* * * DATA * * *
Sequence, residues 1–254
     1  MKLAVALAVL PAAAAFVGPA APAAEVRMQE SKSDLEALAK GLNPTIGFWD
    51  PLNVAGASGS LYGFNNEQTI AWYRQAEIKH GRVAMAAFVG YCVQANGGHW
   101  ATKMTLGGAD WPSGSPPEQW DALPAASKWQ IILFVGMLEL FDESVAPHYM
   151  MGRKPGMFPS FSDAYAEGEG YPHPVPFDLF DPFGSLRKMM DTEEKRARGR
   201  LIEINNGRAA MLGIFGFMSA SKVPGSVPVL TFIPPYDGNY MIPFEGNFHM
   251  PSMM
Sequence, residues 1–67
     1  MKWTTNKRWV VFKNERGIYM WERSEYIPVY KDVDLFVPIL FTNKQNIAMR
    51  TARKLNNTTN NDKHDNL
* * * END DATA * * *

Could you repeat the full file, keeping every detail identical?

Sequence, residues 1–254
     1  MKLAVALAVL PAAAAFVGPA APAAEVRMQE SKSDLEALAK GLNPTIGFWD
    51  PLNVAGASGS LYGFNNEQTI AWYRQAEIKH GRVAMAAFVG YCVQANGGHW
   101  ATKMTLGGAD WPSGSPPEQW DALPAASKWQ IILFVGMLEL FDESVAPHYM
   151  MGRKPGMFPS FSDAYAEGEG YPHPVPFDLF DPFGSLRKMM DTEEKRARGR
   201  LIEINNGRAA MLGIFGFMSA SKVPGSVPVL TFIPPYDGNY MIPFEGNFHM
   251  PSMM
Sequence, residues 1–67
     1  MKWTTNKRWV VFKNERGIYM WERSEYIPVY KDVDLFVPIL FTNKQNIAMR
    51  TARKLNNTTN NDKHDNL